• Pupil weighting
The other way the state provides more support to school districts facing educational challenges is by applying a standard set of weights to each district’s student count. For the purposes of funding, the state counts a weighted pupil as more than one pupil. Vermont (along with many other states) has been adding weights for poverty, for example, to the student count for decades. Vermont also weights high school students slightly more than elementary students, and there is an extra weight for English language learners. Even if two districts have the same number of actual students, the state credits the district with kids in these categories as having more pupils and provides funding for the higher number of pupils without increasing the district’s tax rates.

• Different effects
Both categorical aid and pupil weighting are meant to achieve greater equity. But they have different effects, especially when fitted into Vermont’s uniquely equitable education funding system. Pupil weighting has a distorting effect that categorical aid does not. Per-pupil spending varies across districts, so the weights generate more funding in districts that spend more. If the Legislature increases the weights, that disparity between high-spending and low-spending districts also increases. To minimize the disparity, weighting tends to be used for smaller equity adjustments and categorical aid for larger.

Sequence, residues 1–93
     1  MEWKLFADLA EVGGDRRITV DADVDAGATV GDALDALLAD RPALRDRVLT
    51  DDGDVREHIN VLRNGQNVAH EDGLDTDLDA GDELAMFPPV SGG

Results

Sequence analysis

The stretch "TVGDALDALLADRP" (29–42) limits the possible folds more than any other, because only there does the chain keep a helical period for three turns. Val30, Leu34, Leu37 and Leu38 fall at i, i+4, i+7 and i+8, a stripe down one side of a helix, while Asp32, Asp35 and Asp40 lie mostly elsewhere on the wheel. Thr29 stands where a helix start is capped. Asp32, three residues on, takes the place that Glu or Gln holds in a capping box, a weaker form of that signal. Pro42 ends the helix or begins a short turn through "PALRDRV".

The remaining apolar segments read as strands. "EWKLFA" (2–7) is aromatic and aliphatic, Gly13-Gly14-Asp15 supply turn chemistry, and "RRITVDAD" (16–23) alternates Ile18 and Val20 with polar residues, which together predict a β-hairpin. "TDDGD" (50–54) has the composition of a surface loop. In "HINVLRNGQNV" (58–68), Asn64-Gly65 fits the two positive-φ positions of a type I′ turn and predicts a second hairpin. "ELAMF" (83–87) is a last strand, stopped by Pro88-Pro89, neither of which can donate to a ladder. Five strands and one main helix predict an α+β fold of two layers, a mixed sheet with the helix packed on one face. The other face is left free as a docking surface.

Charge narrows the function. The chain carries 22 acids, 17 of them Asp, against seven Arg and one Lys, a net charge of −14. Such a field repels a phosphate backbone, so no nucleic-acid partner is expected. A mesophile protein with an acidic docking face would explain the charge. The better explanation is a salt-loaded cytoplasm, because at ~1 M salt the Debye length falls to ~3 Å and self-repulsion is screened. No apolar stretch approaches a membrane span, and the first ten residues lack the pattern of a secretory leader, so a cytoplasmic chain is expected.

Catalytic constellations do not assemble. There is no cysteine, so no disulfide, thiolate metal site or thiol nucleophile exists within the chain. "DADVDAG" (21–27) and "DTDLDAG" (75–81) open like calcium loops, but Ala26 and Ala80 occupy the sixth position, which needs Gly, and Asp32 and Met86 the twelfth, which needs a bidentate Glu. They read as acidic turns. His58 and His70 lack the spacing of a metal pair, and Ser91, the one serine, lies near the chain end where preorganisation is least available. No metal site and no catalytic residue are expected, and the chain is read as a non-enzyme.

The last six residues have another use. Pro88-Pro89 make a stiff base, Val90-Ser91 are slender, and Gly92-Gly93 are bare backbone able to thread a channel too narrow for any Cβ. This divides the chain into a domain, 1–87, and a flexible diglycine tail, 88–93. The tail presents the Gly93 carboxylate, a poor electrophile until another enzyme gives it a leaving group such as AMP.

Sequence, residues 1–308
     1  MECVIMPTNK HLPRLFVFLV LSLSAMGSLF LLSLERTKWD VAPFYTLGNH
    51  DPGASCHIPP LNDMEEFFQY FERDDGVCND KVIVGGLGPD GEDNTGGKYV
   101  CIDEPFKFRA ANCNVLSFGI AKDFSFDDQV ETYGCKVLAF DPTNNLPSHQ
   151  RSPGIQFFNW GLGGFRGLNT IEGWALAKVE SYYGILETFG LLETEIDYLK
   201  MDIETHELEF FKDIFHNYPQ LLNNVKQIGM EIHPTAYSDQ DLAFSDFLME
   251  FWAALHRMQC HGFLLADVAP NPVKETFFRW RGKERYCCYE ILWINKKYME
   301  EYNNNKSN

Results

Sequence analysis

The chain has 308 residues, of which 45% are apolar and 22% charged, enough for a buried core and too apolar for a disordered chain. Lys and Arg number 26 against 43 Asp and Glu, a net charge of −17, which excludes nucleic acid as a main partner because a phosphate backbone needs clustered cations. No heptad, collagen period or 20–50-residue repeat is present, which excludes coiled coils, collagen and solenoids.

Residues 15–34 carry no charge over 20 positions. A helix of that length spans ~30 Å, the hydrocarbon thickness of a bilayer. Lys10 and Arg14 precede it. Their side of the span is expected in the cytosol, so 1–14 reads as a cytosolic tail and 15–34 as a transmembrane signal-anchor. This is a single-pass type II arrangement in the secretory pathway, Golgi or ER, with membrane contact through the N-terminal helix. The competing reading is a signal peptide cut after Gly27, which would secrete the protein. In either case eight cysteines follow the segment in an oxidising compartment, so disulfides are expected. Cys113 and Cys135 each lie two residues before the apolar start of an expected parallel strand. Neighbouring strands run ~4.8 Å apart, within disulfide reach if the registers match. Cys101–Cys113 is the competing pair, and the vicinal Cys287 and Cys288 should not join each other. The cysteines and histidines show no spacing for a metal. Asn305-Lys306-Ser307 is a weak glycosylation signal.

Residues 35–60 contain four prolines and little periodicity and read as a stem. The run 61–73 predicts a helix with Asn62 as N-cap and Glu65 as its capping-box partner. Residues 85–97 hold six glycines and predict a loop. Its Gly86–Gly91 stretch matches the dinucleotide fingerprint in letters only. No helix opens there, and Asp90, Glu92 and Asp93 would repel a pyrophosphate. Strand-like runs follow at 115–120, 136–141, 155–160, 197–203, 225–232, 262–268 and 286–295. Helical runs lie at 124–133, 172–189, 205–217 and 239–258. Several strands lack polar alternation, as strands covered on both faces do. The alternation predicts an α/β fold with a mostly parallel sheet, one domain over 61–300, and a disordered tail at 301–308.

The adjustment tools also affect taxpayers differently. Pupil weighting directly impacts only homestead taxpayers. Funding for categorical aid spreads the tax impact more widely, directly affecting both homestead and non-homestead school taxpayers. In fact, categorical aid could draw from any or all of the Ed Fund’s statewide revenue sources.

Using the tools for fair taxation and equitable education
In any Vermont district’s school budget, education spending, not the total voter-approved school budget, determines the town’s school tax rates. Education spending—on average about 85 percent of total budgets—is what is left after federal aid, tuition receipts, and categorical aid are subtracted from the total budget. The number of pupils a district is credited with after weighting adjustments is called its “equalized pupils.” Education spending is divided by equalized pupils to arrive at the per-pupil spending number that determines the town’s school tax rates.

Vermont has created an integrated school funding system. Its components work together. If there has been a recurring criticism of the system, it has been that it’s too complicated. But much of the complication results from legislative changes that have had unintended consequences. Seemingly minor adjustments can have disproportionately greater effects on the overall fairness built into the system. Any changes should preserve and build on the two levels of equity Vermont has achieved and make the system simpler and more transparent to voters.